A sign of hope for Iraq
A Financial Times editorial once wrote of American policy in Iraq that given an array of bad options they usually choose something even worse.
This has been the pattern of American behavior since 2003. But, for once, statements from British and American generals and indications of what James Baker's Iraq Study Group will recommend are actually starting to show signs of the kind of realistic thinking that may actually start to get Iraq out of the mess that America created.
To get an idea of the change that is happening, one should listen carefully to what General Sir Richard Dannatt, head of the British Army, said about the war in Iraq.
First, in an interview with the Daily Mail, he said that Britain (also read America) needs to get out of Iraq within two years because they are making the security situation worse. If Britain and America do not make a serious plan for exiting Iraq any policy that is put together will never succeed.
Second, in an interview with the BBC, he added "What I do know that is important is that Iraq stays together as a unitary state". That is, the overriding priority of the British army is to prevent Iraq from breaking up. Which is exactly right - as I said before, if Iraq is allowed to fragment, there will be an international war that will have disastrous consequences for the world let alone Iraq.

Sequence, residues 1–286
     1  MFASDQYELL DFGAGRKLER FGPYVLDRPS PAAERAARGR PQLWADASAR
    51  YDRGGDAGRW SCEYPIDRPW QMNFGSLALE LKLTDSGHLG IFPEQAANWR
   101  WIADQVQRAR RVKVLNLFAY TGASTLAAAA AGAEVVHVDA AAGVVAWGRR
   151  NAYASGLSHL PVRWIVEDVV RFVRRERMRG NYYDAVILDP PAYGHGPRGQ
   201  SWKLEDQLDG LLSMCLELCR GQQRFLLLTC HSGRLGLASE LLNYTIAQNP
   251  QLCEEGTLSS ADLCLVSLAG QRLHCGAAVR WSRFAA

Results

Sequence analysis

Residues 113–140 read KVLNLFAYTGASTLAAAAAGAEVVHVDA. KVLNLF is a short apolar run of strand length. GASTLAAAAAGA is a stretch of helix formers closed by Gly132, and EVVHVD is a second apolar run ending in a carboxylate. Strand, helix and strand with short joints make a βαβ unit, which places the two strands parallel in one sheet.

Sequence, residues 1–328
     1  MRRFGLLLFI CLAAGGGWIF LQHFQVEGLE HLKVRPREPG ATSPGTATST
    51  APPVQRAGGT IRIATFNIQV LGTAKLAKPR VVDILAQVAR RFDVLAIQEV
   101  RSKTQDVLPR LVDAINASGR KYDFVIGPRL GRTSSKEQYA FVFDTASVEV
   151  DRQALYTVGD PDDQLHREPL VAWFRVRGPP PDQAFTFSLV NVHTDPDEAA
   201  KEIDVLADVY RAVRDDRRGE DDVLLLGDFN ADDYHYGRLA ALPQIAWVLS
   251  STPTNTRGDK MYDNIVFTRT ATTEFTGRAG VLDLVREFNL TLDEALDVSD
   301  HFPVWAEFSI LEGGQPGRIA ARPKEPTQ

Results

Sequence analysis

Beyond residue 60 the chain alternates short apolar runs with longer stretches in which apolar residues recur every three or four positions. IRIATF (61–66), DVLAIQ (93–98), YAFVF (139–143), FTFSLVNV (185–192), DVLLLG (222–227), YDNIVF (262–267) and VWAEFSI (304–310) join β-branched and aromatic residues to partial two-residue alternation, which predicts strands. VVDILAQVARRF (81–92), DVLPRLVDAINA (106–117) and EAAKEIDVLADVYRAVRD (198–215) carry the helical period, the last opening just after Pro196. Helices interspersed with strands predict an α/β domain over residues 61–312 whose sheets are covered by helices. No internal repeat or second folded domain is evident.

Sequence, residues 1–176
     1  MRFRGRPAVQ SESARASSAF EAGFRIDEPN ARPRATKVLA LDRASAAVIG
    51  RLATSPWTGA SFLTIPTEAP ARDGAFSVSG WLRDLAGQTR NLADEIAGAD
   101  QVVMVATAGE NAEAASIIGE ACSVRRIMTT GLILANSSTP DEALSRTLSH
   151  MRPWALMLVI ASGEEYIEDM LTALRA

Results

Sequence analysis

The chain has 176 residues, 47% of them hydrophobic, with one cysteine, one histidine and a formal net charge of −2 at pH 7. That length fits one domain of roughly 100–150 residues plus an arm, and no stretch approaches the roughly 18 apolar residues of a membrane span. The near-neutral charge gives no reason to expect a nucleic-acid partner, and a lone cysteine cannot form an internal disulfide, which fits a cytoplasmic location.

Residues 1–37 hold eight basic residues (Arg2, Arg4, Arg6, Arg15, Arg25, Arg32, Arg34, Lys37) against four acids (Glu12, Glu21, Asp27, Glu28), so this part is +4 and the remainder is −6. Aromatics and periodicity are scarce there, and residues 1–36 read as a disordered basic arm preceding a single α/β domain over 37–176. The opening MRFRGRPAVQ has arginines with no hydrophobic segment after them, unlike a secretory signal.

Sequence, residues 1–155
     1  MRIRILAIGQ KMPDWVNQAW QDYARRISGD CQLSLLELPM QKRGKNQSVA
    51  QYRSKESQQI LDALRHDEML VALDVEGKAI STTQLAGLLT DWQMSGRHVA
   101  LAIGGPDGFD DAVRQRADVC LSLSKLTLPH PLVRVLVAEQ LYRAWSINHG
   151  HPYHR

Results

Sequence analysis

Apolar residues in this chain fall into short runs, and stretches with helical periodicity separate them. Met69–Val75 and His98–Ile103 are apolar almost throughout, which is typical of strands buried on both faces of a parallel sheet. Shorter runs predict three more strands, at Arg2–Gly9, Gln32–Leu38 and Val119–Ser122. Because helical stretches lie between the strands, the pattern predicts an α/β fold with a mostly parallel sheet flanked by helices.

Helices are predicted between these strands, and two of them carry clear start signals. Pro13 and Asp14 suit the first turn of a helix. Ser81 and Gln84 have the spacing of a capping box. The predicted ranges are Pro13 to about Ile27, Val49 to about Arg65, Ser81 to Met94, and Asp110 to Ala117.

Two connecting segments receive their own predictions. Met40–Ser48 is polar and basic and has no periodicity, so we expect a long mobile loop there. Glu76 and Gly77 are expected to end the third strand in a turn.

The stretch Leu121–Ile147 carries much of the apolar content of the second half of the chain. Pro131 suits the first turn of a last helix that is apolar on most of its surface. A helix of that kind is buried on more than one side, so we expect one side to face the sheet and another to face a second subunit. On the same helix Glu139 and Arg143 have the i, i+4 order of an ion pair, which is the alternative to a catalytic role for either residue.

The other positive sign is that we are now treated to the surreal scene of cheerleaders for the 2003 war turning against their American hosts. Nibras Kazimi is a shining example. He writes:
The comments made yesterday by Maj. Gen. Bill Caldwell about the relative slow-down in Operation Forward Together are very surprising to me. ... Contrary to Caldwell’s assessment, things are going moderately well.Hmm, who to believe - an armchair politician or a general that is actually in the thick of the fighting. Any suggestions?
Nibras goes further:
The Baker-Hamilton Commission is leaning towards declaring the “Sudden Infant Death” of a democratic Iraq. ... Sorry folks, our baby—our democracy—is alive and kicking, and is kicking harder.Well, if that is true then let the Americans leave the Green Zone and see what happens. I don't think even he believes that the government will last for more than a day. What we have seen is the complete failure of the Iraqi government and its opponents in the Baathist insurgency to establish evan a small base of popular support among the Iraqi people. There is a vacuum and this is being filled up by the militias. The current government is only making matters progressively worse. The new federalism law will only drive the region to a new world war.
Abandoning the current government will not, on its own, solve Iraq's problems. America must drop its support for the sectarian politics that are tearing Iraq apart and we Iraqis must move to create a new independent secular movement to fill the current political vacuum in Iraq.